Two of the articles in this issue offer calls to action. Mollie Aronowitz, Jennifer Terry, Ruth McCabe, and Mary Beth Stevenson, four women coming from different professional backgrounds, demonstrate how intentional collaboration across the lands and waterscapes of central Iowa effects meaningful change, improving water quality, land productivity, and human relationships. They emphasize the need for partnerships and for relationship-building to achieve common goals for protecting land, water, and people. Also focusing on the agricultural industry in Iowa, Linda Shenk, Jean Eells, and Wren Almitra call for a change in both language and practice around women nonoperator landowners. They propose the term “stewardship partners” as a way “to empower women (and other marginalized stakeholders) as well as to support sustainable agriculture and healthier watersheds” across Iowa, and beyond.
Some of the articles are a call for help, revealing how water creates conditions of vulnerability for women. Becky L. Jacobs explains that despite legal structures meant to protect rights to water, women all over the world face the threat of gender-specific violence as they exercise these rights to gain access to water resources. Jacobs presses us to consider how we might address this global water conflict using a more wholistic approach and more creative strategies than law alone. Reinforcing this global challenge, Anindita Sarkar, in an article republished from The Conversation, provides striking data on the water collection practices and risks for women in an informal settlement in Nairobi, Kenya.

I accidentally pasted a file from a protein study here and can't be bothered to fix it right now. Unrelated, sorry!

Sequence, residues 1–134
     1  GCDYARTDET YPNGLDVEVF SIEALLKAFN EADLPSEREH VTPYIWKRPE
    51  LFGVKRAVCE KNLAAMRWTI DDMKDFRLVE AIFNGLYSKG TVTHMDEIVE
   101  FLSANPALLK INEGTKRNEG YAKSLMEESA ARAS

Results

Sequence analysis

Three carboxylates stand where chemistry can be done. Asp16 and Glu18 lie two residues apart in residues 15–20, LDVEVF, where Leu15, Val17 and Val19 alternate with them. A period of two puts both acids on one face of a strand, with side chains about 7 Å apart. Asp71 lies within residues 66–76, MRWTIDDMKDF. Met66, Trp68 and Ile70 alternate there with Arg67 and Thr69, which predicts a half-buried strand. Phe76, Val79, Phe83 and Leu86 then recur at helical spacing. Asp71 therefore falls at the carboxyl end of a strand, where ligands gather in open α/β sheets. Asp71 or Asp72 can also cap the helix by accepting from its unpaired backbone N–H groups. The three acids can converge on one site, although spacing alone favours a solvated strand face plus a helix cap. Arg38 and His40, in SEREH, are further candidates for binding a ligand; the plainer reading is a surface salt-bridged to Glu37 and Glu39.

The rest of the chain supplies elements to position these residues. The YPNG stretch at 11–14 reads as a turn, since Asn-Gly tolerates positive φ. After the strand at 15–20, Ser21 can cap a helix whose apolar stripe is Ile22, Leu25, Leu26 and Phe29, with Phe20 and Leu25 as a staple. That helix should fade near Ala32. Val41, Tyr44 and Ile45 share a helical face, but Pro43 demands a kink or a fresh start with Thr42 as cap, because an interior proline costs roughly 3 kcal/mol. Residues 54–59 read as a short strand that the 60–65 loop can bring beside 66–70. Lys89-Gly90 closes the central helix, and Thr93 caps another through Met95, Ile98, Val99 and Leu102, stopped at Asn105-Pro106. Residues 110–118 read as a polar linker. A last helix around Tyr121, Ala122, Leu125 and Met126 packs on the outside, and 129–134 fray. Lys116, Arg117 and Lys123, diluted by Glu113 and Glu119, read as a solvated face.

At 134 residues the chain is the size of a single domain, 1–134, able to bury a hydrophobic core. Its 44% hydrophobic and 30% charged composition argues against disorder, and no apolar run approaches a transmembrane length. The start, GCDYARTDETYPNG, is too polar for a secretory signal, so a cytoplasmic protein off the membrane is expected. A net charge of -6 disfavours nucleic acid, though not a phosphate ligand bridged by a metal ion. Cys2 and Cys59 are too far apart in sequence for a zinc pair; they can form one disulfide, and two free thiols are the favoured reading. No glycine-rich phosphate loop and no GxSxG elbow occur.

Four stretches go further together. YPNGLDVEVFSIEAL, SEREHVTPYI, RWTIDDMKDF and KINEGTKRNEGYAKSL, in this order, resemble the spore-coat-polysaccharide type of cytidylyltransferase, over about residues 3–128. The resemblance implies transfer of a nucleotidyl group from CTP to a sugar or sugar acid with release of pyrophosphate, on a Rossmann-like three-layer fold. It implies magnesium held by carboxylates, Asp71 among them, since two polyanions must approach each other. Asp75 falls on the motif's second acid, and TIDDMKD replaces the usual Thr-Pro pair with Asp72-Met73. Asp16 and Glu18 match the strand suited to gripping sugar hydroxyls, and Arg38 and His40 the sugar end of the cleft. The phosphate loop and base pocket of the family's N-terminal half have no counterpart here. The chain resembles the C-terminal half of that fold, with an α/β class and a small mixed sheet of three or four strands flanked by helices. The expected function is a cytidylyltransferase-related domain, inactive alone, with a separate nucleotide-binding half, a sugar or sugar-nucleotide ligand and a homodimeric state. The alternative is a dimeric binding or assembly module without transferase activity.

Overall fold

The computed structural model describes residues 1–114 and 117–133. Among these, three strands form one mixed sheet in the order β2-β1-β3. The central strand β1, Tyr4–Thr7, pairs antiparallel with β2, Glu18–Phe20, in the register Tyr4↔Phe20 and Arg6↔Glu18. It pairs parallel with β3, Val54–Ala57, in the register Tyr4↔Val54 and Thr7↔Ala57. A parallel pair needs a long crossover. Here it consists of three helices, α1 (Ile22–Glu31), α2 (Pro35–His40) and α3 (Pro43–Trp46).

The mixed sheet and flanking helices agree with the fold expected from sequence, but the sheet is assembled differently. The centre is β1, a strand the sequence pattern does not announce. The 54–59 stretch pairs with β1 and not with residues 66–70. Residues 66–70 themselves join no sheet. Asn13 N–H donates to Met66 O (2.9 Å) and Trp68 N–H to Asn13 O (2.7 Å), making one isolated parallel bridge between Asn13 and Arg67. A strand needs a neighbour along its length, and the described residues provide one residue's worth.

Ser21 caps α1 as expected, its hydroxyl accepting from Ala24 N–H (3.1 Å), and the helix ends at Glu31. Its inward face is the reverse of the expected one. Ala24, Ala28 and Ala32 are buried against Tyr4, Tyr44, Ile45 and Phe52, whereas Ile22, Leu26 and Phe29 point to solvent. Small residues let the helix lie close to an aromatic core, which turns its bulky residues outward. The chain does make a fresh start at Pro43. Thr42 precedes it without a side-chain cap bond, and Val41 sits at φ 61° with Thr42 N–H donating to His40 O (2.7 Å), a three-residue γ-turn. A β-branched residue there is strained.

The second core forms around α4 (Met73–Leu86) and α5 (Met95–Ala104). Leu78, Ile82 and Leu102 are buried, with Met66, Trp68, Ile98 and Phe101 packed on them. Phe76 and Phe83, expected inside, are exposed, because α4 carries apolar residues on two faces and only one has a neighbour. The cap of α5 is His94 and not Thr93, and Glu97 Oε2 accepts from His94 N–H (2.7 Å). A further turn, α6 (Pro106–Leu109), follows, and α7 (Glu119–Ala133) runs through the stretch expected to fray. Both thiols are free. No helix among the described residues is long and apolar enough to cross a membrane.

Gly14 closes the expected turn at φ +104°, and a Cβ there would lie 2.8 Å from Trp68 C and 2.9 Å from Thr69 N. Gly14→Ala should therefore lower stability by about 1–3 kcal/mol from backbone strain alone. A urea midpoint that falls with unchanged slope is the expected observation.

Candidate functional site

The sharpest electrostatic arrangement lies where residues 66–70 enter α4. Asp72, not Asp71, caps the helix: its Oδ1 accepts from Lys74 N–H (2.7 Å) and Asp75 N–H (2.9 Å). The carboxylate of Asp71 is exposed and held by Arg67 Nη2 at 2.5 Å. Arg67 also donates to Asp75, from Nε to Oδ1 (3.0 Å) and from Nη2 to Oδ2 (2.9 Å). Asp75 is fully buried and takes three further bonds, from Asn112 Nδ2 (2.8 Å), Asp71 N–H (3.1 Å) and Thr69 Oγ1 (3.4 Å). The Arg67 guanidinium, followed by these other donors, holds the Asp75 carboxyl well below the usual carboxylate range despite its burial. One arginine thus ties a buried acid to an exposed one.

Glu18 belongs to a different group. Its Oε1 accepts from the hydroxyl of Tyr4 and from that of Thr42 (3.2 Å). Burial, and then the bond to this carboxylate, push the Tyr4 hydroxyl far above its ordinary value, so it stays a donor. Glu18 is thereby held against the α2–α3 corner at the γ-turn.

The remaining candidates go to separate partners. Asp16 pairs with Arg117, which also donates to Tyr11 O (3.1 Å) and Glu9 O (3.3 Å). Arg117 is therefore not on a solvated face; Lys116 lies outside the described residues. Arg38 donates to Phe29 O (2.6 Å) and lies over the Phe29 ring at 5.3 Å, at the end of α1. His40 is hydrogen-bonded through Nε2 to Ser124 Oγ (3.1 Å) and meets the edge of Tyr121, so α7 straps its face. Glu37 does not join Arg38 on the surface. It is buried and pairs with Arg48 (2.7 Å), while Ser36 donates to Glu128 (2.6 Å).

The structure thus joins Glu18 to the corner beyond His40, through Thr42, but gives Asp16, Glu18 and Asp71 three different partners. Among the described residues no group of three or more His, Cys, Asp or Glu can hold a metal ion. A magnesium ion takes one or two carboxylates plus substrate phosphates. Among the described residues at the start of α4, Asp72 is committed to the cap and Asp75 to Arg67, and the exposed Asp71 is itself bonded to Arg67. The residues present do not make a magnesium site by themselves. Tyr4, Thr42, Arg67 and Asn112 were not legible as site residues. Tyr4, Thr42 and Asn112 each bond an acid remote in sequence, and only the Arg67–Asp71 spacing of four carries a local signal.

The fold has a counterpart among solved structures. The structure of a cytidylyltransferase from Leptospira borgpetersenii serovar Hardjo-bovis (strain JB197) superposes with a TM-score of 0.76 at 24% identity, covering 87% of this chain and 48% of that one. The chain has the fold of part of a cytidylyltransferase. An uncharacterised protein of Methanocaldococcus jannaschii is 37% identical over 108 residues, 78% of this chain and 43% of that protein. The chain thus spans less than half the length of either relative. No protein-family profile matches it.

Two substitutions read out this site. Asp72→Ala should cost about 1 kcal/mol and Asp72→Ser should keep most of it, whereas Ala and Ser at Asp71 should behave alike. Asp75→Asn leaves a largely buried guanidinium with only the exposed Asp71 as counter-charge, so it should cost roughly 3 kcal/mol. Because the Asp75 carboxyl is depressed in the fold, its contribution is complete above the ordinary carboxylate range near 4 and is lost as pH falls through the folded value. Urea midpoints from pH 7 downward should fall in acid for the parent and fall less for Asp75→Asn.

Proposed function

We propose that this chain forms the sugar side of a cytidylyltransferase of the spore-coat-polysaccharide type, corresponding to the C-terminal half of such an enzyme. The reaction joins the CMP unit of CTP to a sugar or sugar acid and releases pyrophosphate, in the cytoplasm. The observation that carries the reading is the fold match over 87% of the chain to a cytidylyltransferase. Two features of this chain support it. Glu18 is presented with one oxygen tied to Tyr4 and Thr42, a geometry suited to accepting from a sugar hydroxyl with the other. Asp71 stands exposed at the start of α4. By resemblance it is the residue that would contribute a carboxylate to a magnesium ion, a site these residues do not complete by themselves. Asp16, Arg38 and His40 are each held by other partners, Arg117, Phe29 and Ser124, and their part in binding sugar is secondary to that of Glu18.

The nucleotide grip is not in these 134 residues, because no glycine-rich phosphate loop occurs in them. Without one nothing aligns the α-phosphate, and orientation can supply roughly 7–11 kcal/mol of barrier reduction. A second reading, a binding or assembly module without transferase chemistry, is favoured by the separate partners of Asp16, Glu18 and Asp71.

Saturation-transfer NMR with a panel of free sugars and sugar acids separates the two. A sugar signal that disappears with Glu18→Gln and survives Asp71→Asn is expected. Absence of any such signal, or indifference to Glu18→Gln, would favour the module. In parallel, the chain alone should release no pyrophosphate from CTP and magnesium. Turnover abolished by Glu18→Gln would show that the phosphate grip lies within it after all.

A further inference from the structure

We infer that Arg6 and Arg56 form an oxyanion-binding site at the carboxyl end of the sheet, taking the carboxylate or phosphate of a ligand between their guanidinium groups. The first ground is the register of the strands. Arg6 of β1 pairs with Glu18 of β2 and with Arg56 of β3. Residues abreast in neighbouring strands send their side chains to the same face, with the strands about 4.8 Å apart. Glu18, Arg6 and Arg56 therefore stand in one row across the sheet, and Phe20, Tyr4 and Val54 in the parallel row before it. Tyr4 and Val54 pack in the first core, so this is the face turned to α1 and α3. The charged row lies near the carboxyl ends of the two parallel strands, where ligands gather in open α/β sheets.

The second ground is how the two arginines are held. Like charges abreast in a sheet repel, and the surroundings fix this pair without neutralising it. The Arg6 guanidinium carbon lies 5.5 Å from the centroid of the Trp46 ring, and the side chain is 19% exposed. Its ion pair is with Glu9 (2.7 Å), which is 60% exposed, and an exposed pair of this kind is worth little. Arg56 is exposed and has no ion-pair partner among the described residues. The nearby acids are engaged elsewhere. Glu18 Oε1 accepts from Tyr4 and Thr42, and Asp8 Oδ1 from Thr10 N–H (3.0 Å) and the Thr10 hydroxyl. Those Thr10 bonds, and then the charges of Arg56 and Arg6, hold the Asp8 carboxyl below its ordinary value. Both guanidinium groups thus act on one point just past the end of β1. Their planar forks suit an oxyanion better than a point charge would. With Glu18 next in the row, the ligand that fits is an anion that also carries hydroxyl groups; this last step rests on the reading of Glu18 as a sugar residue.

Kristin Osiecki focuses on a different kind of risk, that wrought by floods. Using extensive spatial data, Osiecki maps the effects of hurricanes in the Houston area to demonstrate how female-headed households are disproportionately negatively impacted. In the contemporary moment, climate change makes these uneven risks more problematic and makes interventions even more critical.
Collectively, the articles in this issue illuminate intersections of women and water in all their brilliance, but also in all their complexity, profoundness, and severity. Recognizing the myriad ways women connect with water—as scientists, as activists and water protectors, as policymakers, as providers, as researchers, and as artists and storytellers—we share this set of articles as a call to our readers as well: a call to meaningful action to effect change in our water systems and social systems; a call to ongoing discussion about risk and possibility, vulnerability and connection; a call to examine how our relationships with water and our privilege shape our practices; and a call to make commitments to water and each other.
Moberg, Laurie. 2022. “Introduction to Issue 21.” Open Rivers: Rethinking Water, Place & Community, no. 21. https://doi.org/10.24926/2471190X.9249.
Download PDF of Introduction to Issue 21 by Laurie Moberg, Editor.